Friday, November 27, 2009

Taking Advantage of US Health Care

The Guelph Mercury reports today that the number of Ontario residents heading to the US for medical treatment is growing exponentially. A new report documents:

A 450 per cent increase in OHIP approvals for out-of-country care since the beginning of this decade, a period of explosive growth in new technologies and therapies not covered or available here. The province agreed to fund 2,110 procedures or treatments in 2001, and 11,775 last year.

Patient demand has created a new breed of health-system navigators, known as medical brokers, who find U.S. options for the growing number of Ontario patients who elect to pay for medical services south of the border themselves.

Medical brokers negotiate discount rates with U.S. centres to get Ontarians faster diagnostics, second opinions and surgery. Brokers say that for every patient sent south by the Ontario government, there may be up to 10 others who go — and pay — on their own.

It's easy to say we don't have a dog in America's internal fight over health care, but clearly we do. Ontarians are flocking to American hospitals because wait times are shorter, and technology is better. Both of those advantages exist because the private American system ensures both innovation and adequate resources. If the Americans socialize their system, we may no longer enjoy the same access to the best health care providers in the world.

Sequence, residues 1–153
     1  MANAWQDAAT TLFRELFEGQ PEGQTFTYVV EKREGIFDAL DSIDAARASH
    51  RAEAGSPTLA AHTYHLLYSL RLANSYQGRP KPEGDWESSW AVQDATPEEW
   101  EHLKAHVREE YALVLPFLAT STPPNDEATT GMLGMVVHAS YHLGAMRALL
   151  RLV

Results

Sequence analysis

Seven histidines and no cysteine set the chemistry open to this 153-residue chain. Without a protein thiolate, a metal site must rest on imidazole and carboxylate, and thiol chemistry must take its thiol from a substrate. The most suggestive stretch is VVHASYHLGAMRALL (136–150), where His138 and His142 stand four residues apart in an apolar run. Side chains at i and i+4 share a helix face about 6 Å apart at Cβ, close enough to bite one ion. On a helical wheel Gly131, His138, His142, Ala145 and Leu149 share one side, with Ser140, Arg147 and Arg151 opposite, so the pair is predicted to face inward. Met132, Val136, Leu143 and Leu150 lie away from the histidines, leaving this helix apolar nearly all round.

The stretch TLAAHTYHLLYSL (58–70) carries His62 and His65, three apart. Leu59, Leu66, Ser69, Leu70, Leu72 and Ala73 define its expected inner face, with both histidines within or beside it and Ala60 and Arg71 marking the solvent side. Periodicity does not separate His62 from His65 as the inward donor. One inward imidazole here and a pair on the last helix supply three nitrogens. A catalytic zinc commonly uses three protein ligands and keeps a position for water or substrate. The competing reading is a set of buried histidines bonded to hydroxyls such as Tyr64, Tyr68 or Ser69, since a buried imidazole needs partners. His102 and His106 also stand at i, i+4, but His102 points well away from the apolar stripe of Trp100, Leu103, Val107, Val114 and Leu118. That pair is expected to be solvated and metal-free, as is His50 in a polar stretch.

Swift said...

There is always the option of going to India.


It stills comes down to the rich have the money.
At lest the working poor can get care in Canada.
One other thing well I was working in California I was sent back to Canada for care by my U S provider because what I had to have done was not availabe in the U S.

Anonymous said...

Americans have better technology because they have a cutthroat market that favours the wealthy and exploits the poor. The American system has "adquate resources" that allow for short wait times because many people who need to go to the hospital cannot afford to.

I don't mind waiting in the ER for 8 hours with a lung infection if it means that the person who just had a heart attack can get looked after first.

Furthermore, healthcare shouldn't be about convenience. When it becomes about convenience, it denies the people who are in life threatening situations the immediate access they need.